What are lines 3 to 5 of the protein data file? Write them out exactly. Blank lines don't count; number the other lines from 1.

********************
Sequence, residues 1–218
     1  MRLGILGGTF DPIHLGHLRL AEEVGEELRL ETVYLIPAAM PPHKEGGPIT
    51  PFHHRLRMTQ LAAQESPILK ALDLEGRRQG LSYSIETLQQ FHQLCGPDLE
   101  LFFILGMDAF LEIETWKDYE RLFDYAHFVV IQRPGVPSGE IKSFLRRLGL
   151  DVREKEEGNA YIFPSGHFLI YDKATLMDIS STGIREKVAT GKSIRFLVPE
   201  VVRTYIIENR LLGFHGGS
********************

    51  PFHHRLRMTQ LAAQESPILK ALDLEGRRQG LSYSIETLQQ FHQLCGPDLE
   101  LFFILGMDAF LEIETWKDYE RLFDYAHFVV IQRPGVPSGE IKSFLRRLGL
   151  DVREKEEGNA YIFPSGHFLI YDKATLMDIS STGIREKVAT GKSIRFLVPE